ketch n : a sailing vessel with two masts; the mizzen is forward of the rudderpost
- Rhymes: -ɛtʃ
- A fore and aft rigged sailing vessel with two masts, main and mizzen, the mizzen being stepped forward of the rudder post. compare yawl.
- Finnish: ketsi
Verbketch (third-person singular simple present ketches, present participle ketching, simple past ketched, past participle ketched)
- To catch. - substandard spelling.
- 1815 D. HUMPHREYS Yankey in England I. 21, I guess, he is trying to ketch mebut it won't du. I'm tu old a bird to be ketch'd with chaff.
- 1865 DICKENS Mut. Fr. II. IV. xv. 287 Wot is it, lambs, as they ketches in seas, rivers, lakes, and ponds? a1883 [see KNUCK 2]. #*1911 E. WHARTON Ethan Frome ii. 60 You'll ketch your death. The fire's out long ago.
- 1916 W. O. BRADLEY Stories & Speeches 18 You'll never ketch me hollerin' at no Republican gatherin'.
- 1929 H. W. ODUM in A. Dundes Mother Wit (1973) 184 If so you gonna ketch hell. 1967 Atlantic Monthly Apr. 103/1 You heard about that joke a dollar down and a dollar when you ketch me?
- 1968 S. STUCKEY in A. Chapman New Black Voices (1972) 445 Run, nigger, run, de patrollers will ketch you.
EtymologyFrom Jack Ketch. A Hangman in the 17th Century.
- Rare. To hang.
- 1681 T. FLATMAN Heraclitus Ridens No. 14 'Squire Ketch rejoices as much to hear of a new Vox, as an old Sexton does to hear of a new Delight. Ibid. No. 18 Well! If he has a mind to be Ketch'd, speed him say I. #*1840 Fraser's Mag. XXI. 210 Ignorant of many of the secrets of ketchcraft.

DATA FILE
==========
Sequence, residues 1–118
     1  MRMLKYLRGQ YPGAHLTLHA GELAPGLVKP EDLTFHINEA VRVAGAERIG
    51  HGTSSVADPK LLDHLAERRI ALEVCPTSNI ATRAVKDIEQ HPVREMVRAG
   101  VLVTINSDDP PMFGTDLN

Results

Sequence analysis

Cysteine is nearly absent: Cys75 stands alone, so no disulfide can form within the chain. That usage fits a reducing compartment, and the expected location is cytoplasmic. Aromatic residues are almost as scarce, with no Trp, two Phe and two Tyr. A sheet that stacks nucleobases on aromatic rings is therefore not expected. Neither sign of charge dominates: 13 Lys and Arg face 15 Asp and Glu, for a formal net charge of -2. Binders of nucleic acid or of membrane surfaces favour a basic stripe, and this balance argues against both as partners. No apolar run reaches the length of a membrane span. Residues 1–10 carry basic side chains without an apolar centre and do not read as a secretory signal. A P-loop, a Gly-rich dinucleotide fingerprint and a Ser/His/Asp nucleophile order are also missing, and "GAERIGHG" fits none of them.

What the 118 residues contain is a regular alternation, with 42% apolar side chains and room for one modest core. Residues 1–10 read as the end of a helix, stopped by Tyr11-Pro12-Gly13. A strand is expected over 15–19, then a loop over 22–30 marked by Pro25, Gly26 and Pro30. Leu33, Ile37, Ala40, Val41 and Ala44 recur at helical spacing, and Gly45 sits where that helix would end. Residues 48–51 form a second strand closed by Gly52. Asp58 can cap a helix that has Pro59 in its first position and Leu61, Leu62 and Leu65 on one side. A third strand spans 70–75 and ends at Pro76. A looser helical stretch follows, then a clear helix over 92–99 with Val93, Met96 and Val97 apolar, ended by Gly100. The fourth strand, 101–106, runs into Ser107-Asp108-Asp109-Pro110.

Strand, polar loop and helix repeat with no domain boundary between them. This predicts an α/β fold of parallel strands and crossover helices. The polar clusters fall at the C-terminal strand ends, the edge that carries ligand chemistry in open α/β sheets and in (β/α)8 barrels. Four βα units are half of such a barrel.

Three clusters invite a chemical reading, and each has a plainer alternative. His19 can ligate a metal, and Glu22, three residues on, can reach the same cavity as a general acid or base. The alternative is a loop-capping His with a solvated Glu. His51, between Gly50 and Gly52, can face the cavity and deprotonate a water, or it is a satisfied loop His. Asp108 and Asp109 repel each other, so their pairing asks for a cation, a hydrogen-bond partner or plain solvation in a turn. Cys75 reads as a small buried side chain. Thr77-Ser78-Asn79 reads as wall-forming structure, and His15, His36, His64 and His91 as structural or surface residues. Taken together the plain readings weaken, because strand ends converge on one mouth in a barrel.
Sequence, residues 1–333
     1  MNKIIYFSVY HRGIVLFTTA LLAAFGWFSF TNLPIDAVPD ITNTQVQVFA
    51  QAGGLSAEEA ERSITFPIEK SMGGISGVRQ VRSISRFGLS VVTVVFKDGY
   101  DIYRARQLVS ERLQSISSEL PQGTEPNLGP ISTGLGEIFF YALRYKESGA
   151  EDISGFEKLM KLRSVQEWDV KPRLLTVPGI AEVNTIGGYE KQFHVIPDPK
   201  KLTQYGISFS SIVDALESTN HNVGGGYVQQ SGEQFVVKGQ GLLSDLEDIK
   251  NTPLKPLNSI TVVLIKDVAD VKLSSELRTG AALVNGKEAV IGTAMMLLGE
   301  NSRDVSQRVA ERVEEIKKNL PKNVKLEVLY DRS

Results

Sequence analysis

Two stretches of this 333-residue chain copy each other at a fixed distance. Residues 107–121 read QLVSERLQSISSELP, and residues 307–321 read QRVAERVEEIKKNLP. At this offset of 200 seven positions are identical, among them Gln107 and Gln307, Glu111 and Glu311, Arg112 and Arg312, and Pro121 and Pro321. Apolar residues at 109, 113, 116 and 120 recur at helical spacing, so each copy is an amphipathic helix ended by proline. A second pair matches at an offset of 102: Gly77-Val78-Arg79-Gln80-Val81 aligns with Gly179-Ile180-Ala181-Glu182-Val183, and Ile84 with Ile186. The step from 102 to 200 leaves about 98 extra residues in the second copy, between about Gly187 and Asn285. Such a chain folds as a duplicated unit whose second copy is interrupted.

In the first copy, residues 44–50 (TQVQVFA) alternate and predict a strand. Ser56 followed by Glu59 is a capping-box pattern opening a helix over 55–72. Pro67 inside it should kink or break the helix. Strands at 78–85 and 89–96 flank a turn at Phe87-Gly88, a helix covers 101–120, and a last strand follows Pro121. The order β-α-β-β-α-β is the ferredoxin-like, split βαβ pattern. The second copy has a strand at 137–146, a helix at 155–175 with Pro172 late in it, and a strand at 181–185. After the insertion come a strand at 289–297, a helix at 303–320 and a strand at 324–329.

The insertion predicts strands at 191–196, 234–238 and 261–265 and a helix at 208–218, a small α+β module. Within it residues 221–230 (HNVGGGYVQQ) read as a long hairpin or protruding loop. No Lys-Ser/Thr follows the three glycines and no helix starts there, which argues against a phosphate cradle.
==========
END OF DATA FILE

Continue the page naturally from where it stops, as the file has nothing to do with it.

- 1859 MATSELL Vocab. s.v. (Farmer), I'll ketch you; I'll hang you.
A ketch is a sailing craft with two masts: a main mast, and a shorter mizzen mast abaft (rearward of) the main mast. Both masts are rigged mainly fore-and-aft. From one to three jibs may be carried forward of the main mast when going to windward. If a ketch is not rigged for jibs it is called a cat ketch, sometimes called a periauger. On older, larger ketches the main mast may in addition carry one or more square rigged topsails. A ketch may also carry extra sails, see below.
The lowest fore-and-aft sail on the main mast is called the mainsail, while that on the mizzen is called the mizzen sail. These may be any type of fore-and-aft sail, in any combination. The Scots Zulu, for example, had a dipping lug main with a standing lug mizzen.
The ketch is popular among long distance cruisers as the additional sail allows for a better balance, and a smaller more easily handled mainsail for the same overall sail area. It also allows sailing on mizzen and jib only without introducing excessive lee helm, and in an emergency can be quite well steered without use of the rudder. The ketch is a popular rig in northern European waters where sudden increases in wind strength sometimes requires a rapid reefing: the mainsail can be dropped, reducing sail and leaving a balanced sail-plan with jib and mizzen set.
Running before the wind or reaching across the wind, a ketch may carry extra sails such as a spinnaker on the main mast, and a spinnaker or (mizzen staysail) on the mizzen mast.
Similar rigsThe ketch rig is often confused with a yawl. The difference is that the ketch has her mizzen mast forward of the rudder post or waterline thus having more sail area, which contributes significant forward propulsion, whereas the mizzen on a yawl is aft of the rudder post and is used primarily to balance the sail plan (and as a riding sail while at anchor). This is often a matter of intent rather than a physical difference.
The ketch rig can be distinguished from the similar two masted schooner rig by the shorter aftermost mast on the ketch. A schooner has the shorter mast forward. In the case where both masts are approximately the same height, the rig with the larger sail forward is usually called a ketch, while the rig with the larger sail aft is a schooner.
ketch in Bosnian: Keč (brod)
ketch in German: Ketsch (Schiff)
ketch in French: Ketch
ketch in Hungarian: Ketch
ketch in Japanese: ケッチ
ketch in Norwegian: Ketch
ketch in Polish: Kecz
ketch in Russian: Кеч
ketch in Serbo-Croatian: Keč (brod)
ketch in Finnish: Kaljuutti
ketch in Swedish: Ketch